Tribal fighting in areas of South Koroba, Hela Province and Enga Province impacts all people in the communities, particularly those who are more vulnerable.
Women, with distinct mental and physical health needs, are significantly impacted during, and after, tribal fights. This year, the International Committee of the Red Cross (ICRC) is providing support to women in these areas who are under stress due to violence through the Community Group Support facilitators. Mental Health and Psychosocial Support (MHPSS) Officer, Rebecca Piam, gives an insight into the program.
Based at the ICRC office in Mt Hagen, Rebecca has been working with the joint MHPSS and Health program for over two years, and has watched it grow from strength to strength, emphasizing that, "Whilst some people in the community are resilient, others may not be able to cope and function well daily. It is those who may be experiencing difficulties trying to cope with issues of life that require support."
She adds, "Too often, they may not be aware that, by not identifying and addressing these issues, it can have a long-term negative impact on their mental health and psychosocial wellbeing."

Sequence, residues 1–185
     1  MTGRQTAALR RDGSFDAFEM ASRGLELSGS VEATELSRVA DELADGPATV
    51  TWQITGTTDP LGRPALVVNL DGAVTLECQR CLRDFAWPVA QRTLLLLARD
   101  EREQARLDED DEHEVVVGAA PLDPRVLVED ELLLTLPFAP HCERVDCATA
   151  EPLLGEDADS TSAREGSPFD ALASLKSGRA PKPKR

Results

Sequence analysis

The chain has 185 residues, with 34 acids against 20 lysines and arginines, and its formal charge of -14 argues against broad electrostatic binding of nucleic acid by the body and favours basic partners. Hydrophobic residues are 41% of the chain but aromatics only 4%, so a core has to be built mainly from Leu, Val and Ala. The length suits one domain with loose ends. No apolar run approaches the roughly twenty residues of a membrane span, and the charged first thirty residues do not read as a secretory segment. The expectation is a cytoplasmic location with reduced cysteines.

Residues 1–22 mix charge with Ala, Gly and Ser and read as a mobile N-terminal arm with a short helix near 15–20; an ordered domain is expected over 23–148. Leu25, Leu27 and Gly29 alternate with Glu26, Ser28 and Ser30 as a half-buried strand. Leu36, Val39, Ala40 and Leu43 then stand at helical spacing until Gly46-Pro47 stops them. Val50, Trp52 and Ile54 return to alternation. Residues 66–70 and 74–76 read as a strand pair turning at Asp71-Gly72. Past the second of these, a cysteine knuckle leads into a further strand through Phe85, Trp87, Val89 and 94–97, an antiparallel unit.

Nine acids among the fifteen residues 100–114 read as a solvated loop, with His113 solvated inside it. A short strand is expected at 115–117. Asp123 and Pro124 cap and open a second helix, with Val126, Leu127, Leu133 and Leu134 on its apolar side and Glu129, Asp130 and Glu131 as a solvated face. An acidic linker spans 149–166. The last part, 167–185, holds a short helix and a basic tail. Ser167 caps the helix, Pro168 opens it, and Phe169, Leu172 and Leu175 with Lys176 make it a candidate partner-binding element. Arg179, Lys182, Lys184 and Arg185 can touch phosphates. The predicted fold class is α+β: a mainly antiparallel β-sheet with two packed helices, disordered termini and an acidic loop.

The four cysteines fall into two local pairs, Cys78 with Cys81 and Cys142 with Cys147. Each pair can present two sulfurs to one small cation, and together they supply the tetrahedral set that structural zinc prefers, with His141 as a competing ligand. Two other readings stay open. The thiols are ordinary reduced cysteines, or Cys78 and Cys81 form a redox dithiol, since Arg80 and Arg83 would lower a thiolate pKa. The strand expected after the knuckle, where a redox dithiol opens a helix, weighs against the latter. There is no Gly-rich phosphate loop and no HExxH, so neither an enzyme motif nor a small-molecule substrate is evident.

To date, the program has facilitated over 10 cycles of support group sessions for the benefit of more than 340 participants and trained a total of 33 facilitators in support groups techniques as well as in the content of the support group sessions.
The support group sessions respond to the victims/survivors of violence at a community level – with seven sessions in one cycle, the facilitators aim to provide women who are living with high levels of stress with emotional and psychosocial support. Covering topics such as violence, sexual violence and tribal fighting, its consequences, and assisting women in identifying stressors and signs of stress, the knowledge gained in these sessions can assist those involved learn how to better support themselves and others in dealing with adversity and promoting positive coping.
Rebecca believes this support group activity helps women to come together, create awareness on their mental health, share their experiences, develop a bond to support and learn new information from the sessions delivered to help themselves. Currently, with little to no existence of psychosocial services in the province, this program has positively impacted a lot of people, directly and indirectly through positive changes in their behavior, perception and better management of their own issues, including their relationships with others in their families and communities